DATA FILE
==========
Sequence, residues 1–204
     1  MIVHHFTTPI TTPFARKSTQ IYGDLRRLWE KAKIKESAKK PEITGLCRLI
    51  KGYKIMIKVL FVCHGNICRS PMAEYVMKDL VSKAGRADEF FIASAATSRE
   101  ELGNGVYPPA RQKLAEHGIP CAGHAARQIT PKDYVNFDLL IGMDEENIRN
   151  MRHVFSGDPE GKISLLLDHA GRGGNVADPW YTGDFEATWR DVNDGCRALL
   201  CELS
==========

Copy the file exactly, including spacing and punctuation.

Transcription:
Sequence, residues 1–204
     1  MIVHHFTTPI TTPFARKSTQ IYGDLRRLWE KAKIKESAKK PEITGLCRLI
    51  KGYKIMIKVL FVCHGNICRS PMAEYVMKDL VSKAGRADEF FIASAATSRE
   101  ELGNGVYPPA RQKLAEHGIP CAGHAARQIT PKDYVNFDLL IGMDEENIRN
   151  MRHVFSGDPE GKISLLLDHA GRGGNVADPW YTGDFEATWR DVNDGCRALL
   201  CELS